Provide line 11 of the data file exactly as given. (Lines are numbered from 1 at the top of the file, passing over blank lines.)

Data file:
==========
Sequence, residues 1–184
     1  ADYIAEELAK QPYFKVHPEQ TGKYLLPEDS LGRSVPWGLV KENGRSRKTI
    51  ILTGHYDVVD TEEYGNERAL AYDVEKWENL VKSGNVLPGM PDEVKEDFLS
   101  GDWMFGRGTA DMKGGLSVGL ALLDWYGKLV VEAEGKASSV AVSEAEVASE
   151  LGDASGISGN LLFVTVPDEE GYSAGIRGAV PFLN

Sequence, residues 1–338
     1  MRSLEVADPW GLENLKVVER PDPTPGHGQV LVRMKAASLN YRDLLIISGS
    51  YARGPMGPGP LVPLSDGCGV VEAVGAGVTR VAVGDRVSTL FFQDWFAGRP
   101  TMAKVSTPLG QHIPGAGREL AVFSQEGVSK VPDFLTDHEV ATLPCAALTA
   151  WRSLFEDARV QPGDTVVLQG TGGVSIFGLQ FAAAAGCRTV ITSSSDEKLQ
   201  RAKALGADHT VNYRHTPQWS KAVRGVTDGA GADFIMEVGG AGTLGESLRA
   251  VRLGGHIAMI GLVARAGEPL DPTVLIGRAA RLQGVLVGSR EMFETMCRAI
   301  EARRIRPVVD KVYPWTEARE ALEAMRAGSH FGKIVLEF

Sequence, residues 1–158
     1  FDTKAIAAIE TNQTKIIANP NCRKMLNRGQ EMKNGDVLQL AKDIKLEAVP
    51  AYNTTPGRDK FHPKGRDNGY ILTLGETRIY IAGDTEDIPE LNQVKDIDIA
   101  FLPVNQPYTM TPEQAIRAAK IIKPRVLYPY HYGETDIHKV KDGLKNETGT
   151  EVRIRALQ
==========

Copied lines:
   201  RAKALGADHT VNYRHTPQWS KAVRGVTDGA GADFIMEVGG AGTLGESLRA